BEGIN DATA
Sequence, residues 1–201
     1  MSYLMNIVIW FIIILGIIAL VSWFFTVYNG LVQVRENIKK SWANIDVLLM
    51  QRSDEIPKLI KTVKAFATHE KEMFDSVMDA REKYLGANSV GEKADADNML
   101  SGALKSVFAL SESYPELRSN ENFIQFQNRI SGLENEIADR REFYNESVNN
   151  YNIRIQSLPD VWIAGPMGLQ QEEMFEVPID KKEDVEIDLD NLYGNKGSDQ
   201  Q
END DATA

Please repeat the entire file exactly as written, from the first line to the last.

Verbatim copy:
Sequence, residues 1–201
     1  MSYLMNIVIW FIIILGIIAL VSWFFTVYNG LVQVRENIKK SWANIDVLLM
    51  QRSDEIPKLI KTVKAFATHE KEMFDSVMDA REKYLGANSV GEKADADNML
   101  SGALKSVFAL SESYPELRSN ENFIQFQNRI SGLENEIADR REFYNESVNN
   151  YNIRIQSLPD VWIAGPMGLQ QEEMFEVPID KKEDVEIDLD NLYGNKGSDQ
   201  Q